Masking racism as “banter” won’t cut it anymore says the Fair Work Commission

3 December 2018

A line is crossed when race or ethnicity is included in any communication with co-workers.
A line is crossed when race or ethnicity is included in any communication with co-workers.

In this update, we look at whether racist comments in the workplace can constitute serious misconduct warranting dismissal.

Background

StarTrack Express Pty Limited (StarTrack), Australia’s largest parcel delivery service provider, successfully defended an unfair dismissal claim in the Fair Work Commission (FWC) because it was able to prove that the dismissal of an employee was not harsh, unjust or unreasonable.

StarTrack’s position

StarTrack submitted that it had found that, Mr Michael Taylor (employee of StarTrack for 17 years), had used the following racial slurs in the workplace:

  • “towel head”;
  • “coconuts”;
  • “gooks”;
  • “put the pallet over there you black c***”
  • “go back where you came from you black c***”
  • “fuck off to where you came from”; and
  • “row your canoe back home you fucking c***”.

After making the above finding, StarTrack provided an opportunity for Mr Taylor to respond, and then proceeded to terminate his employment on the grounds of serious misconduct.

In light of the findings around Mr Taylor’s conduct, and the process it undertook during the investigation, StarTrack submitted that the dismissal was not harsh, unjust or unreasonable.

In the alternative, the Transport Workers’ Union of Australia (TWU), on behalf of Mr Taylor, argued that Mr Taylor engaged in “well-meaning workplace banter which was not intended to offend but rather to entertain" and argued that no individual had actually complained about his comments. Furthermore, the TWU argued that the termination was excessive because casual swearing and racial slurs were common place in this workplace, and that this language was enjoyed by others.

FWC says the actions did not constitute an unfair dismissal

Ultimately, the FWC held that the dismissal was not unfair, harsh and unreasonable because:

  • “a line is crossed when race or ethnicity is included in any communication with co-workers”;
  • the argument that the comments were well-intentioned “does not provide a defence or justification for conduct that is fundamentally unacceptable”; and
  • the employee had “failed to comprehend or even remotely understand the fundamental malfeasance of his conduct”.

Furthermore, Commissioner Cambridge was very critical of the TWU’s arguments in favour of Mr Taylor. On this point, Commissioner Cambridge stated:

The attempt to defend or otherwise justify the applicant’s use of racially offensive language on the basis that the applicant didn’t believe that it was harmful, and that no one had complained, is an approach that has regrettable and disturbing parallels with the recent exposure of incidents of sexual harassment in the employment context, and which has created what is referred to as the “#MeToo movement.”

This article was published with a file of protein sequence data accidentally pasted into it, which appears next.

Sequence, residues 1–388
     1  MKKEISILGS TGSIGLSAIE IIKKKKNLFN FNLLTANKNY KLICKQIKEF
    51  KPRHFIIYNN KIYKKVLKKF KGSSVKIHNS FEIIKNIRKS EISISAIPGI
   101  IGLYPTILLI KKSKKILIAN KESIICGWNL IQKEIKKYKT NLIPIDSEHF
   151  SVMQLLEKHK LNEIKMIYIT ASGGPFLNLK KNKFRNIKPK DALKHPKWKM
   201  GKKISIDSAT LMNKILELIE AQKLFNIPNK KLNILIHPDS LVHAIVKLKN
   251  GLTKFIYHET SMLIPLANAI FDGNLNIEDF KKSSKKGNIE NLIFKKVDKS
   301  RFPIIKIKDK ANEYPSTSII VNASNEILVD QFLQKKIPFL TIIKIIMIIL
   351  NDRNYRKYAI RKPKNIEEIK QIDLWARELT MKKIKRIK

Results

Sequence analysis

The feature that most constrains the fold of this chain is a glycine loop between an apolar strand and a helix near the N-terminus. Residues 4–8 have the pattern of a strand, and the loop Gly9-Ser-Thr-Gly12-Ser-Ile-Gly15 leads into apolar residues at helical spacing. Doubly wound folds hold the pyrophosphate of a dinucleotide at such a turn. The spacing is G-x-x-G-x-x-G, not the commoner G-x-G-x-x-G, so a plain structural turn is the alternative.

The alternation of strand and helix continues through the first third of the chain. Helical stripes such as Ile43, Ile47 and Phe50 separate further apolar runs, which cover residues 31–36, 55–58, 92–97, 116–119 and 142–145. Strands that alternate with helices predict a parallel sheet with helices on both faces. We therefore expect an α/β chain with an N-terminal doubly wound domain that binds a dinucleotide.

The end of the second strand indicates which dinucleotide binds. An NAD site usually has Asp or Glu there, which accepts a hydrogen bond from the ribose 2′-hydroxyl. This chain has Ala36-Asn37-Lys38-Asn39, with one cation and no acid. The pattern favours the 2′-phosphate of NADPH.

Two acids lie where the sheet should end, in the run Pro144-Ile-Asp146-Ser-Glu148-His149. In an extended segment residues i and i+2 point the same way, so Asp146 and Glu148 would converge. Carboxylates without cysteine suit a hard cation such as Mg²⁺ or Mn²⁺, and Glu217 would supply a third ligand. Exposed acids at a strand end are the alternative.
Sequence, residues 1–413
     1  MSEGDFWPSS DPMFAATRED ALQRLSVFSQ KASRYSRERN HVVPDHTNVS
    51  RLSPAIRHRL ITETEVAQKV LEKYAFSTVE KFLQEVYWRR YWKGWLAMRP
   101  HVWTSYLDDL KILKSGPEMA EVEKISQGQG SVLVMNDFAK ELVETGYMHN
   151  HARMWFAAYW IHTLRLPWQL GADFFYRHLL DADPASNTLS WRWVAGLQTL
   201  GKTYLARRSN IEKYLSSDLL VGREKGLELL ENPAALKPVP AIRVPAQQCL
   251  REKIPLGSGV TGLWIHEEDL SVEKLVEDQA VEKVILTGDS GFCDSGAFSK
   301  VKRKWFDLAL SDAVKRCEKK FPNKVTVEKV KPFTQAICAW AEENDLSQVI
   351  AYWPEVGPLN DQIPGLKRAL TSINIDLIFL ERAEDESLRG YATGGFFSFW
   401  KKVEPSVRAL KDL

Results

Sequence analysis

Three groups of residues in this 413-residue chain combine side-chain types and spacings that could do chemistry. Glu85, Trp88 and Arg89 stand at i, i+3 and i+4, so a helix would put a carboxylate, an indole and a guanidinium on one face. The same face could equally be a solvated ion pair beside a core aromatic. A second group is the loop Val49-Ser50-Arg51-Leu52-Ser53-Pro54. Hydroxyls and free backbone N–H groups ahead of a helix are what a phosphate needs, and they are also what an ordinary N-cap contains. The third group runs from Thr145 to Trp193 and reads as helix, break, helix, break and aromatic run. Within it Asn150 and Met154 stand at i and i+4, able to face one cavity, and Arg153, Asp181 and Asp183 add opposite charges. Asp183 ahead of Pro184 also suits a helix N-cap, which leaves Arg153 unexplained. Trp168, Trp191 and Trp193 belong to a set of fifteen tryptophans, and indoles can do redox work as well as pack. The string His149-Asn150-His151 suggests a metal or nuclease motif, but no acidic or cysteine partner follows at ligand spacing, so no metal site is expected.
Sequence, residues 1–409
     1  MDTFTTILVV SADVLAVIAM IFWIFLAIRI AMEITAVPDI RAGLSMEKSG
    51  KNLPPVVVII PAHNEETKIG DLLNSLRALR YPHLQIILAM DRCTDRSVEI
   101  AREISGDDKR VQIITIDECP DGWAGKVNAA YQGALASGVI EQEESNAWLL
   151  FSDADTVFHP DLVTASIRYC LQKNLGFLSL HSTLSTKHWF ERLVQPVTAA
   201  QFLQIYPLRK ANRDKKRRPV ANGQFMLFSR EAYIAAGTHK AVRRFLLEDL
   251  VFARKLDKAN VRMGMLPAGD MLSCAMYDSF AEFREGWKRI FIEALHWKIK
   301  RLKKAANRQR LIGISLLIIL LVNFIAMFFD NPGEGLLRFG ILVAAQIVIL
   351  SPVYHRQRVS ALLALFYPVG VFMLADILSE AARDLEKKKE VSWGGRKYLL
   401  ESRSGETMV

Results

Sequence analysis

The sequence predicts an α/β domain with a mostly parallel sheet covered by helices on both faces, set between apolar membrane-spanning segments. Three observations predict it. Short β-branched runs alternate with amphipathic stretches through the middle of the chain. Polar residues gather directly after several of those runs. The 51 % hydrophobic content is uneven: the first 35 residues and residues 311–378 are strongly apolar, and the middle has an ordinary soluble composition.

Such an attempted defence or justification of abhorrent behaviour is an approach that disregards the fundamental wrongdoing, and it fails to appreciate that the victims of the wrongdoing do not complain because they feel powerless to prevent the conduct.

Further to the above, Commissioner Cambridge referred to the email signature on TWU’s emails that contained a statement that “I swear never to commit, excuse or remain silent about violence against women”, and suggested that in the circumstances of this case “such a mantra should be expanded to include: “I swear never to excuse racism’”.

Accordingly Commissioner Cambridge found that the dismissal was not harsh, unjust or unreasonable, and dismissed the case.

Lessons for employers

Racism and bullying can have a significant and detrimental impact of people - personally and professionally. Left unaddressed, racism in the workplace can lead to absenteeism, staff turnover, a culture of bullying, and discrimination, bullying and worker’s compensation claims.

In light of the above, we recommend that employers:

  • review their Code of Conduct and Equal Opportunity policies to ensure that inappropriate language (including racial slurs) are specifically listed as being inappropriate in the workplace (and the consequences of breaching this);
  • train their employees on the above policies to ensure that they understand what is and isn’t appropriate workplace communication (and the consequences of breaching this); and
  • consider whether your board, committee or management should make a public statement to all employees, volunteers and contractors, stating that the organisation has a zero tolerance to racism and violence, and where survivors can find support.

These steps can help to create safe and inclusive environment for all staff, but will also help to ensure that you can respond swiftly and effectively when employees behave in an inappropriate and unlawful manner

How we can help

If you’d like further information about what you can do to create a safe and inclusive work environment or for assistance responding to a complaint of inappropriate behaviour, please contact our Practice Leader, Skye Rose on (03) 9843 0418, or fill out the enquiry form below.

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Workplace Relations